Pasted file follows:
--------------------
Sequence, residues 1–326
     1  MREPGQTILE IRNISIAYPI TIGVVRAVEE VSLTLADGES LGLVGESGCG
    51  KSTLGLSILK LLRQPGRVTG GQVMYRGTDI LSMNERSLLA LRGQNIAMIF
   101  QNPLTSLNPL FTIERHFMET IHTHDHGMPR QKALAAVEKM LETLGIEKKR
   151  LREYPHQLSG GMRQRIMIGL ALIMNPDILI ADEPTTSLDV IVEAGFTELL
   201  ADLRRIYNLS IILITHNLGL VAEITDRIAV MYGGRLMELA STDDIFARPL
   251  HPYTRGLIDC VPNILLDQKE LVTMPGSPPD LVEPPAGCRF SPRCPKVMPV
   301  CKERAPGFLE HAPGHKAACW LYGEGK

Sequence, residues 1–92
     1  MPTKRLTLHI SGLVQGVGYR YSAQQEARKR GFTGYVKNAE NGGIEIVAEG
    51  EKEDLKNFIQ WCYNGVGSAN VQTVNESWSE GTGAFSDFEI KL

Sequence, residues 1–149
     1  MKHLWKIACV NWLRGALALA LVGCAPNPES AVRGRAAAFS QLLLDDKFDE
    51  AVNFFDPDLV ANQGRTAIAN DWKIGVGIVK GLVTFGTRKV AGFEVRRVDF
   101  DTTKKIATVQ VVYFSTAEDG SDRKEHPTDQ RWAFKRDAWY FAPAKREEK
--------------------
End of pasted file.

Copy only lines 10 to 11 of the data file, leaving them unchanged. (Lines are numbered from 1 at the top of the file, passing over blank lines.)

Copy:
     1  MPTKRLTLHI SGLVQGVGYR YSAQQEARKR GFTGYVKNAE NGGIEIVAEG
    51  EKEDLKNFIQ WCYNGVGSAN VQTVNESWSE GTGAFSDFEI KL